God does not operate according to our timeline. It’s obvious that God is in control over all of this, but we can even further than that. God is as much in control of the difficulties and turmoil Jacob endures as he is in the fulfillment of the dreams. But we can go even further and say that God values developing spiritual maturity in his children over providing physical security for his children.
It is difficult for us to see past the physical inconveniences we experience. But if we can keep the spiritual aspect in mind we might be better prepared for suffering.
When we think about how we can help others, the first thought is towards those in situations of physical trial. But if spiritual maturity is more important than physical security, our ministry to others should always have a spiritual component. We don’t ignore the physical needs, but neither can we ignore the spiritual component.
God is always working a deeper virtue in us that is far more satisfying than the physical blessing that is withheld or removed. In the case of Joseph, God would develop in him a purity and forgiveness that still stands as a great source of encouragement for the people of God. The reality is, these virtues cannot develop apart from distressing circumstances.
Our natural response is to be arrogant, selfish, prideful, and envious. When our brother gets a gift, we want to know why we didn’t get one. When we all receive a coat, but the coat of the youngest child is the nicest, we get angry. We shouldn’t be surprised by this. What should surprise us is the Spirit-wrought response of humility and meekness.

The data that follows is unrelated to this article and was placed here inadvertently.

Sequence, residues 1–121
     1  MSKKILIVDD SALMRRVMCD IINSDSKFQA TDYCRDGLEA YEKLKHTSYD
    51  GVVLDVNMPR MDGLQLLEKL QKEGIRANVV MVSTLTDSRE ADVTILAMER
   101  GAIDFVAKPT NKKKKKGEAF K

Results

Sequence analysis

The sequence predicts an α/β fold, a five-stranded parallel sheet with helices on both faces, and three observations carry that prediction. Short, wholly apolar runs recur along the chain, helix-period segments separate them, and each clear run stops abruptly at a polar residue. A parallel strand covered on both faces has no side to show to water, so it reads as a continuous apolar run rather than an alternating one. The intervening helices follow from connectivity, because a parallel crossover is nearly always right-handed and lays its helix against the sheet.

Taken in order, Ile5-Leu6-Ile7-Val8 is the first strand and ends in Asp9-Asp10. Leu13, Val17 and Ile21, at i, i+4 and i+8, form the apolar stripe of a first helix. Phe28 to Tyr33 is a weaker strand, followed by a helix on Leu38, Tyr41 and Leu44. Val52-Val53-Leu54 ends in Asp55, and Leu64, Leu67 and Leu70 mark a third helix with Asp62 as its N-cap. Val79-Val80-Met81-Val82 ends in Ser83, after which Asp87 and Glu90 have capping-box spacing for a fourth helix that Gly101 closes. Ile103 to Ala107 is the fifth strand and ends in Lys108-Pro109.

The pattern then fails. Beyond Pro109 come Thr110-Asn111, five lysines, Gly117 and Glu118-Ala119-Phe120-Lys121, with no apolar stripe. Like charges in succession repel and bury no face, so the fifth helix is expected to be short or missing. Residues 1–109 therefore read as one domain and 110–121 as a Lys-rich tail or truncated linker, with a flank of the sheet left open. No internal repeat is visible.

If we are seeking wisdom rather than ease, we won’t be surprised when the dreams become a nightmare.
Joseph’s Nightmare (12-36)
The section progresses geographically as Joseph travels further and further away from his father’s house (Haran > Shechem > Dothan > Egypt).
Joseph shouldn’t be willing to go on this mission (vv.12-13). He shouldn’t be so resilient. He shouldn’t be so confident. He experienced several years of hatred from his brothers. At his age, we would understand if he had become isolated and lonely because of how his brothers treated him. Yet, he responds to his father’s request without hesitation. “Here I am.”
He is quick to obey and he perseveres in fulfilling his mission to the point of traveling some 50 miles to Shechem, followed by another 15 miles to Dothan. Moses relates these few details to highlight the contrast between the nature of Joseph and his spiteful brothers. After enduring so much hatred Joseph is willing to show concern for their well-being, while they are only growing more and more wicked in their thinking and plotting.